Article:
As of Monday, July 2, 2018
MONMOUTH — Another year of excited fans getting the chance to meet and play football alongside Tyrell Williams, a Western Oregon University alum and wide receiver for the L.A, Chargers, made way on June 26.
This was Williams’ second year organizing a youth football camp at WOU, and because of its success, he decided to come back.
“The first year was awesome,” he said. “We had a really good turn out and a lot of people seemed like they were happy about it and excited to come for next year, so we had to think a little bit bigger and have more resources for this year so we have more kids.”
Two hundred and fifty seventh-12th graders signed up for the free camp and around 200 came out for the day to learn about offensive football skills as well as a chance to meet Williams. Many were seen lining up to get a photo with him or approaching him for a quick conversation throughout the day.
“It doesn’t feel like they’re here for me, it feels like they’re here for camp,” Williams said, “So I’m just appreciative of everyone who comes out and helps.”
Those helping him out for the day were some friends he played with in college, his dad Ray Williams, and WOU’s head and assistant football coaches.
The camp ran from 10 a.m. to 2 p.m. and included instruction for quarterbacks, running backs, wide receivers, tight ends and offensive linemen. But Williams wanted to make sure the kids had a good time.
“The most important thing is just having fun, and then try and just show them technique and fundamentals,” Williams said.
Everyone got to enjoy a BBQ at the end of camp.
“(The camp) is a great opportunity for kids to come out and get coached by some great coaches and also to see what other kids are doing at other schools,” Andy Jackson, Dallas High School head football coach, said, who brought along 32 members of his football team.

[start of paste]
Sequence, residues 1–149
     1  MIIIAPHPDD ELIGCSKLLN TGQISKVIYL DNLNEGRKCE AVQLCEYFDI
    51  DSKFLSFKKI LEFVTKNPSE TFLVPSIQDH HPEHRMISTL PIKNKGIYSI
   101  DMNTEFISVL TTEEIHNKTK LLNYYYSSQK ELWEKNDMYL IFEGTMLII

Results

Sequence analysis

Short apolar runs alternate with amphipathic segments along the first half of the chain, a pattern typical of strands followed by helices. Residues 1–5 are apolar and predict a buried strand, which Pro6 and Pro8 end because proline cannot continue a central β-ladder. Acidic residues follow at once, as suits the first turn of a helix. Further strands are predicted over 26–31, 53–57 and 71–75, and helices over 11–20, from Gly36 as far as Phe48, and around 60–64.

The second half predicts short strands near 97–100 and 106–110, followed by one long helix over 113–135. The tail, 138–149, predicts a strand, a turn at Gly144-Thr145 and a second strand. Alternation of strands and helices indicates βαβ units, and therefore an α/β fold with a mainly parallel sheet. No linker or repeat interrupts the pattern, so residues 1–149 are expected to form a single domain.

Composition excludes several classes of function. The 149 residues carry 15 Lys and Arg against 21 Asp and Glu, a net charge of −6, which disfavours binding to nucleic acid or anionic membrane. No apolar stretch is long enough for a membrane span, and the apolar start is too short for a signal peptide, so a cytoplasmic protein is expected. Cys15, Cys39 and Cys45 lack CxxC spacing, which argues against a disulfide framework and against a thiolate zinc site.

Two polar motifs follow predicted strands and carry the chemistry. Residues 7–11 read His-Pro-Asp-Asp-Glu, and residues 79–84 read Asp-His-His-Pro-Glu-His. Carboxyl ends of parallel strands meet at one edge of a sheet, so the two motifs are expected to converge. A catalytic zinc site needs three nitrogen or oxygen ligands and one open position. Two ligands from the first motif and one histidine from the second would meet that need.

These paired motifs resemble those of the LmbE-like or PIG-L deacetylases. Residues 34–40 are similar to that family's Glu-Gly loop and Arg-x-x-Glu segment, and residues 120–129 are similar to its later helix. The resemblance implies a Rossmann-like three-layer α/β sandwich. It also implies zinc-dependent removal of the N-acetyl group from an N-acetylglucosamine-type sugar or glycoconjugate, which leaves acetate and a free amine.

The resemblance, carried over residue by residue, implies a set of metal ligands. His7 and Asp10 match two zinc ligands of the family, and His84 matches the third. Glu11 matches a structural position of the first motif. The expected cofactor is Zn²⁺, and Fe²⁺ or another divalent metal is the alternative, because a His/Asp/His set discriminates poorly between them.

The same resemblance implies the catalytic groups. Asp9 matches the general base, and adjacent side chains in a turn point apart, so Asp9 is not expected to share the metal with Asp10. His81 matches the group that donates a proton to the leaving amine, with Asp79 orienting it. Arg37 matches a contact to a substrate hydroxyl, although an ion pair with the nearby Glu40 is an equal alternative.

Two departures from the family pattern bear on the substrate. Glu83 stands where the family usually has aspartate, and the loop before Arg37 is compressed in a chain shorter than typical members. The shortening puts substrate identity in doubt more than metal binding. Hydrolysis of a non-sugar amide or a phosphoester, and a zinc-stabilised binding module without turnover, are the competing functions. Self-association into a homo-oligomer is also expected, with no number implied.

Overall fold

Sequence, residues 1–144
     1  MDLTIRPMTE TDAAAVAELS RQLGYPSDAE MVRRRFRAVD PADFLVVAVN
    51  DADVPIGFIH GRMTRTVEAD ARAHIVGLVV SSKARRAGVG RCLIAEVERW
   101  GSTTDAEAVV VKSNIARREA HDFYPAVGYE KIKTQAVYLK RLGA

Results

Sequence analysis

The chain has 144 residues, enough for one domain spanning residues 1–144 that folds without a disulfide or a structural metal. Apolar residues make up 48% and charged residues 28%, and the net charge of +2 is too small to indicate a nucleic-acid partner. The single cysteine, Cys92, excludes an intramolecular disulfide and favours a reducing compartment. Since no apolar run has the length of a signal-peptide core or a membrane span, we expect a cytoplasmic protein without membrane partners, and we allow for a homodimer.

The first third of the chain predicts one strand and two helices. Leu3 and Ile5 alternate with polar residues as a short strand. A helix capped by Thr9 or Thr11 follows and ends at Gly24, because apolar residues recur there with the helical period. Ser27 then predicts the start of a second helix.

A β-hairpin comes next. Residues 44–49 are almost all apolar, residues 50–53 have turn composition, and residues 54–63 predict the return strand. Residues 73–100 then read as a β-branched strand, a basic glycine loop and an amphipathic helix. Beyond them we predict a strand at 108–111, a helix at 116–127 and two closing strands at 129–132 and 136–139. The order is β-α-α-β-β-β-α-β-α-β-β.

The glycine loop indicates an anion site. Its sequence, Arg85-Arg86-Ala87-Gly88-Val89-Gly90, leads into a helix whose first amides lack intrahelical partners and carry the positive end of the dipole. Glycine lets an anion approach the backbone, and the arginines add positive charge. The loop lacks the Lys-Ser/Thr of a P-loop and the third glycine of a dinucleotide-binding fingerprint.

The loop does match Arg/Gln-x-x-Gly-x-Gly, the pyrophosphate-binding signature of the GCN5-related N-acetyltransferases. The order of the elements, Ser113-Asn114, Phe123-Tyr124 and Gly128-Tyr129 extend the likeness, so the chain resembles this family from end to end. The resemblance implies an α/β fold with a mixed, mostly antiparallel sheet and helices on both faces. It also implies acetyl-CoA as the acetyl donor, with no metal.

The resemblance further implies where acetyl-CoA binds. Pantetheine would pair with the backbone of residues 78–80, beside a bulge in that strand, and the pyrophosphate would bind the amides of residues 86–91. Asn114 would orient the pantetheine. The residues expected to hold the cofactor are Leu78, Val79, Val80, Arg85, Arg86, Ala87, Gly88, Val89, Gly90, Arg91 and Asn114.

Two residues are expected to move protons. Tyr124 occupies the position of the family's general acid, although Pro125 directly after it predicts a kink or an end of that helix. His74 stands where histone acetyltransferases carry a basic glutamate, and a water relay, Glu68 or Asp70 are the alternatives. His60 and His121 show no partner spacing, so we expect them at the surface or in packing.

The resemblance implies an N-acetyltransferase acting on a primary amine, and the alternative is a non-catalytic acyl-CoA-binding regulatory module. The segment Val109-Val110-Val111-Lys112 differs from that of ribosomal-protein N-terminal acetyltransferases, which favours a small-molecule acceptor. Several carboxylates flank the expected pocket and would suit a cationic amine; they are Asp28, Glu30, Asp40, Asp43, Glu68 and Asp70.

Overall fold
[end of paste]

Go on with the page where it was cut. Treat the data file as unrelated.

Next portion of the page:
He said the skills they learned in camp coincide with what they learn at practice.
“It’s very applicable to what we’re doing now,” Jackson said, “and it’s great for them to hear what they hear every day at practice from (these coaches). It just reinforces those things. And I knew that was going to happen today.”
Seniors Kenny Chen and William Button of Dallas both found Williams to be someone they could look up to.
“It’s inspirational in how he just kind of climbed all the way up to his NFL career; he worked really hard and he’s a good example for our team,” Button said.
“It gives me a vision of what an NFL player looks like,” Chen said.
Besides getting a chance to meet a famous football player, Button added that being there was good for their team because it helped them work on their technique and to clean up the details.
Williams heads back to L.A. soon to begin his first phase of training for the 2018-19 NFL football season.